What’s All This About the AKC?

Some breed clubs have actually been upset when the AKC accepts their breed:

  • The Border Collie is a great example. This dog is known for its exceptional herding and athletic abilities and intelligence, and Border Collie people feared that the AKC’s interest in conformation and appearance alone would hurt the breed. Many choose not to register their Borders with the AKC.
  • The same is true of the Jack Russell Terrier. There was great variation in this breed, and the Jack Russell clubs loved this about their dog. Many were afraid that with AKC acceptance comes breeding for a certain look, and that may lead to breeding in problems and breeding out diversity.

Designer Dog Breeds

Now on to designer dogs…

I have lots of little mutts in my practice running around with adorable portmanteaus, like Doodles and Schnoodles and Pomchis and Cavachons.

OK, OK, they are not “mutts.” They are purebred crosses. Mutts are a delicious unknown mix.

A few years ago, someone brought an adorable mutt into my clinic, and she told me the dog had “papers.” I giggled. Boy, had she been taken, I thought.

But in fact, there are designer registries on the internet, so you can get papers for your Afador, or your Malteagle or Bosapso. These papers mean nothing. Then again, what do AKC papers mean? Really.

There is something to be said for these designer breeds, or dog hybrids. With a more diversified gene pool, these hybrids may be healthier than purebreds with a narrower gene pool. But be aware that many of these “breeders” are still not screening the parents for diseases.

I am beginning to see my first Goldendoodles, unfortunately, with lymphosarcoma, a cancer prevalent in the Golden Retriever, although any breed can get it.

  • If the Golden and the Lab who produced a Goldador have not been screened for hip dysplasia, the hybrid breed is at risk.
  • The Cavachon can still have heart trouble like the Cavaliers.
  • The Cockapoo may still have terrible ears like the Cocker.
  • And so on…
A Goldendoodle’s parents should be screened. Photo: brookelstone

There is actually nothing new about “designer breeds.” Most of our current breeds have evolved from other breeds.

Listen at Westminster for the history of the breeds. It’s fascinating. One of the newer AKC breeds to be accepted, the Cesky Terrier, is a hybrid of the Sealyham and Scottish Terrier.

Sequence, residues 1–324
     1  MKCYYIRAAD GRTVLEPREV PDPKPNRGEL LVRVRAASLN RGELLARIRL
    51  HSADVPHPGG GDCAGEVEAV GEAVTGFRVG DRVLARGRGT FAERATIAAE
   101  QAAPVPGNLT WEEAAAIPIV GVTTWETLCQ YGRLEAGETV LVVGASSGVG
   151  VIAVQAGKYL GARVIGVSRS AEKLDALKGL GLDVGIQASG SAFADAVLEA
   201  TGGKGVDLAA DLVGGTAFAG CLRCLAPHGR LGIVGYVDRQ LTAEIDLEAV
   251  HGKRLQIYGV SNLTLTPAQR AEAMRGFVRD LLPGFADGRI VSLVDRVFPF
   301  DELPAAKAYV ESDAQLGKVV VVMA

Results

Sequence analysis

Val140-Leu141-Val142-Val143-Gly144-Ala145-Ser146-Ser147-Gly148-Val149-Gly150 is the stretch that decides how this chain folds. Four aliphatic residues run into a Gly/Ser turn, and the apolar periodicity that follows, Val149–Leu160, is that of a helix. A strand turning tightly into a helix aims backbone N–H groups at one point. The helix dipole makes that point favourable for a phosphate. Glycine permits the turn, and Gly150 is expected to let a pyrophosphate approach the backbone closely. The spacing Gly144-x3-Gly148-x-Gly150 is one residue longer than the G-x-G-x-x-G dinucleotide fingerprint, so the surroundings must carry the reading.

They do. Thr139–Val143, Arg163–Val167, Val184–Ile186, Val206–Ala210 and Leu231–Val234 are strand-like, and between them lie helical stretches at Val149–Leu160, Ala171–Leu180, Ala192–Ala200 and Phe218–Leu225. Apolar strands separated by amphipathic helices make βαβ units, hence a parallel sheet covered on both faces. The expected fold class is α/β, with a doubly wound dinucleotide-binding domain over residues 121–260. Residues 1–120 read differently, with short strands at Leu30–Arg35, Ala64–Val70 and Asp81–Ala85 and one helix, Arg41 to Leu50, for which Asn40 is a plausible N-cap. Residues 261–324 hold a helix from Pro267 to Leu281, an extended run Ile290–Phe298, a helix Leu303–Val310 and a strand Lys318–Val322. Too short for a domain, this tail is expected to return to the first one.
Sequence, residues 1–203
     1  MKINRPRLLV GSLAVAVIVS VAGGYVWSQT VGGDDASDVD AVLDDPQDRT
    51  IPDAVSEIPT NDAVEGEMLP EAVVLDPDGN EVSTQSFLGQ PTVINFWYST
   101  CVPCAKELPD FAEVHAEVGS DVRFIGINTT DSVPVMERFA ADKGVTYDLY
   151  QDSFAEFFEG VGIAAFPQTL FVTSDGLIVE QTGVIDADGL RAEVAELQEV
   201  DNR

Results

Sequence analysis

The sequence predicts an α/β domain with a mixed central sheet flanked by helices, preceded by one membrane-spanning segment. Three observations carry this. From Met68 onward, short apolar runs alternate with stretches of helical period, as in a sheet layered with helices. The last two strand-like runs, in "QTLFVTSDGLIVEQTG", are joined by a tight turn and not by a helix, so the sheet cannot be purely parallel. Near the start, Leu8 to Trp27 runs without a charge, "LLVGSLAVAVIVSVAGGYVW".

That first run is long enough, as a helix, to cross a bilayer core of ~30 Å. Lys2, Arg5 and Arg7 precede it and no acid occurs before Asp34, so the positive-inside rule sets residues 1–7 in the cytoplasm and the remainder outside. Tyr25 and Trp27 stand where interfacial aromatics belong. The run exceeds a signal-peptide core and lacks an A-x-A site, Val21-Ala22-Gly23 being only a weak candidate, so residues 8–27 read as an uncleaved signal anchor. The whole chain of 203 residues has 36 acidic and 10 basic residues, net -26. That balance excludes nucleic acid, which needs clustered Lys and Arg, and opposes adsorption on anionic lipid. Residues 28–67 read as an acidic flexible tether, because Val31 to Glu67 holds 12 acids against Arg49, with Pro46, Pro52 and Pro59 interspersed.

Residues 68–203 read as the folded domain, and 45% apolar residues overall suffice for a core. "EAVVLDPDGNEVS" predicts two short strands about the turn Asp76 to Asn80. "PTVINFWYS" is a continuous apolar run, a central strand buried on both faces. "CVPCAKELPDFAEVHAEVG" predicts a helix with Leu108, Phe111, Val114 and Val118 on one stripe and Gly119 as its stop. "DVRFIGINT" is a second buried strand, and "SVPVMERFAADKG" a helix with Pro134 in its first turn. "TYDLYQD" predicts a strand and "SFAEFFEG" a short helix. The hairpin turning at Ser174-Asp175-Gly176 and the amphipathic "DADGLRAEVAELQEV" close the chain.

When dogs were more than companion animals, bred primarily for their hunting, herding, working abilities, dog owners bred for these traits. If one sheep farmer had a great herding dog and his neighbor had another, they bred them!

It could be a Border-Blue-Australian-Heeler for all they cared, but it tended the sheep. Same goes for that Walker-Bluetick-Plott — nothing but a great coon-hunting hound dog! Just breed the best 2 sniffers and you get a great tracker!

With dog shows like Westminster, we are not breeding Miss American Puppy based on her achievements and skills — we are breeding for the best hair. Dog showing is about the swimsuit competition, not if they get the questions right.

I believe Westminster is breeding the supermodel, not the athlete, or the hunter or even the best lap-sitter, a notable canine quality. We are breeding for style, and throwing away health and temperaments:

  • Why else would we have German Shepherds with their back haunches nearly touching the ground?
  • Or perky Pugs and Boston Terriers with noses so shortened they can’t breathe?
  • Why have we bred toys so tiny that their little brains are too big for their even littler craniums, and their teeth fall out of their mouths because they don’t have enough jaw bone to support them?

By breeding for a certain look or size, how many genetic diseases have we made worse because the desired trait was linked to a health problem?

Again, this is why so many breed clubs are wary of breeding for “the look” only.

Why can’t the AKC, a well-endowed, wealthy organization, do more to improve dog breeding and health? Photo: David K

Thumbs Up for a Healthy Purebred

If I have done some trashing of the AKC, let’s not trash the parent clubs of many breeds.

The breeders’ associations and reputable breeders are out there. These groups have active health committees that work hard to address health-related concerns for their breeds.

Many breeders have eyes tested; skin biopsied; hearts checked; elbows, shoulders and hips X-rayed … and the list goes on.

Thanks to their hard work, and fabulous veterinarians who care about these breeds, genetic testing is being made easier and more affordable. Screenings for many more diseases are made available every year. This is a positive wave of the future.

But the AKC is not making sure that more breeders screen for these genetic diseases — and, according to the Humane Society, not ferreting out enough of the criminal breeding operations.

If you do your research, you’ll know when you’re dealing with a reputable breeder:

  • Always ask to see the parents.
  • If you get a bad vibe when searching for a puppy, turn around and walk out before you look at the puppies.

Otherwise, you’re going to want to get that puppy out of that bad breeder country. This would be me, of course — caretaker of seizing, limping, biting love-buckets!


This pet health content was written by a veterinarian, Dr. Debora Lichtenberg, VMD. It was reviewed for accuracy by Dr. Pippa Elliott, BVMS, MRCVS, and was last updated Nov. 5, 2018.